- John Kavanagh

Coach Kavanagh: How to Train Like Conor McGregor



Dublin’s famed SBG Ireland gym currently hosts a full generation of seasoned MMA athletes who have each found their feet on the sport’s grandest stage, with the likes of Aisling Daly,Gunnar Nelson, Paddy Holohan, and of course, UFC Featherweight Champion Conor McGregor. The eyebrow raising ability of McGregor has transcended the sport of mixed martial arts with his seemingly revolutionary approach to the game on a physical and mental level, supported by coach John Kavanagh. recently spoke with Kavanagh to discuss if the results of McGregor’s effective approach to technical development can be replicated in future generations of SBG up and comers.

Kavanagh suggested that the toughest and most influential aspect to develop is that of the mind and complete self confidence. On the other side, there is physical and technical development; and he believes that the physical ability of Conor McGregor can indeed be replicated within amateur athletes for future generations. (Continued below)

Click here to read the FULL article on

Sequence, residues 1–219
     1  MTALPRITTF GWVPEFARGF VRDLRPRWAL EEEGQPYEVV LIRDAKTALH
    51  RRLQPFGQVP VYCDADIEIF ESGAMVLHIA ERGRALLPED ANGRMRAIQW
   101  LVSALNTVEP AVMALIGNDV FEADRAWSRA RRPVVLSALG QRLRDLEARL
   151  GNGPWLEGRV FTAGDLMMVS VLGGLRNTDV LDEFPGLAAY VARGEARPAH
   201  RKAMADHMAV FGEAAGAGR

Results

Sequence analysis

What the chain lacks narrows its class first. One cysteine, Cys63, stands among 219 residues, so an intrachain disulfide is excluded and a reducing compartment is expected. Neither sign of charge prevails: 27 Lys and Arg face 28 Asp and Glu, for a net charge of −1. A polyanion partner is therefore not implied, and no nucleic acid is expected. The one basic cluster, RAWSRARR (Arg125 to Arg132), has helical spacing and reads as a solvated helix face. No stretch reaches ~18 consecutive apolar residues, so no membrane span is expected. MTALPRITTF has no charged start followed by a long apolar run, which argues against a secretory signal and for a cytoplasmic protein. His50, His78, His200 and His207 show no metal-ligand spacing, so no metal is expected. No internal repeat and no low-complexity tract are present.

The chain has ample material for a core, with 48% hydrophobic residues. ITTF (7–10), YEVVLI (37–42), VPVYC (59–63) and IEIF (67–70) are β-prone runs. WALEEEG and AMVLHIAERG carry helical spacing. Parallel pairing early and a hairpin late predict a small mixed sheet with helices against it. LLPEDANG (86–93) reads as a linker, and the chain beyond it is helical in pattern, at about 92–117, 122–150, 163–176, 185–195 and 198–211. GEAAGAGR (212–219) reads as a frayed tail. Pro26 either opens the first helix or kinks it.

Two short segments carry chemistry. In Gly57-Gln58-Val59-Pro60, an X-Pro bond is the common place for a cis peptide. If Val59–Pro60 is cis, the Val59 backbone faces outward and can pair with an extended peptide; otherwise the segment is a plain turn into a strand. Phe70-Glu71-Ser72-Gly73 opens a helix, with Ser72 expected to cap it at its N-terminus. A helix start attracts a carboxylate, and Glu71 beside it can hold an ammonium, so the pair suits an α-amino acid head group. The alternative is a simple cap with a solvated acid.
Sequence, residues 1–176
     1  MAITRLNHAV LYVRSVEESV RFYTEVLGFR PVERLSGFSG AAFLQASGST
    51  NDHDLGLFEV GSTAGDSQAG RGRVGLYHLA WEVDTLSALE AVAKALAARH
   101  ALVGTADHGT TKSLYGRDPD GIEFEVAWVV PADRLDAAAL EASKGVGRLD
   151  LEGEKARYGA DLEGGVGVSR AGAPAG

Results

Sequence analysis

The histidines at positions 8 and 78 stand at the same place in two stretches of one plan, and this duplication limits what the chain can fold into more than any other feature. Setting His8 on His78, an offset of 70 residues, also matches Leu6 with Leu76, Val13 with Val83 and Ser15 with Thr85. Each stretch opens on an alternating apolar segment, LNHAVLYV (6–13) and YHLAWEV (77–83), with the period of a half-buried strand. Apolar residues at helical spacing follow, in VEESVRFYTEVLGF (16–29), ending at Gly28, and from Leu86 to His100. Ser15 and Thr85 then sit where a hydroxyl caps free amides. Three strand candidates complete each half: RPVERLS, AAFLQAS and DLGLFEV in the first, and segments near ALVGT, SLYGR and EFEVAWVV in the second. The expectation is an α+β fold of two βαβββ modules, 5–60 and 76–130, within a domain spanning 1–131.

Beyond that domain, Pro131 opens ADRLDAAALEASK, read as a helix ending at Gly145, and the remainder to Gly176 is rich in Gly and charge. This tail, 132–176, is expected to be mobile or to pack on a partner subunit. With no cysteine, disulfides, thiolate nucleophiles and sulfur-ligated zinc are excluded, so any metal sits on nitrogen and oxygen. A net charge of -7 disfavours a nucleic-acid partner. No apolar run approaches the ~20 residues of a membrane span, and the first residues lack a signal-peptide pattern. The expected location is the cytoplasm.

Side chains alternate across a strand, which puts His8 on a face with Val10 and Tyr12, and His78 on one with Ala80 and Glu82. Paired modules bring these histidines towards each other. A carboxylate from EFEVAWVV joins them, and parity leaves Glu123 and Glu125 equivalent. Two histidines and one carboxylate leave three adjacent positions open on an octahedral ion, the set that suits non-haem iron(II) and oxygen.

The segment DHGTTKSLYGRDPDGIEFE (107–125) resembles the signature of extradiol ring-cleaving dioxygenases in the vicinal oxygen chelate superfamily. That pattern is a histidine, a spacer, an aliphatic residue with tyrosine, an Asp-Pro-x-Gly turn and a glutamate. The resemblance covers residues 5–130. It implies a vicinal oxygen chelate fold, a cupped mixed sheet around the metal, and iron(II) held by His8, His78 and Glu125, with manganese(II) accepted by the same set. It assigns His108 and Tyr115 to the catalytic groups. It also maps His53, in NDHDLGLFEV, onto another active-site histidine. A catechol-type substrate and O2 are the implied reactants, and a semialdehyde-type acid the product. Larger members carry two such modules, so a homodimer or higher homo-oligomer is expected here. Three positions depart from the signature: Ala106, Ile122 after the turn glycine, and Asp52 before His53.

Cathal Pendred puts his support behind important MAN UP Campaign

MAN UP is a SAFE Ireland campaign.Launched in 2012 and has been growing in support for four years now. MAN UP is a campaign with a simple but powerful focus. It’s about men showing leadership, pride and courage to stand against domestic violence. To challenge the abuse of women and children.

Straight Blast Gym fighter Cathal Pendred is helping SAFE Ireland this year to promote the positive role that men can play in raising awareness about, and stopping, domestic violence. Please take a look at the campaigns new video below. For more information visit &

Why Brazilian Jiu Jitsu Is A Great Sport for Unathletic Children

As a child and teenager, I loved sports, but was simply not athletic. I couldn’t dribble a basketball or shoot a layup. I was the right fielder in little league baseball that struck out a lot. I did try wrestling in high school, but was pretty mediocre and quit after losing two-thirds of my matches and not being able to handle the head coach’s constant yelling. For a very long-time I was very self-conscious about my lack of athleticism, but did enjoy biking, hiking, weight lifting and other physical activities that would not expose my lack of coordination and how funny I looked when I am running. As I grew into adulthood, I discovered Brazilian Jiu Jitsu in my mid-thirties and finally found a sport where for once I showed some promise and developed into a solid competitor at the White Belt Masters level.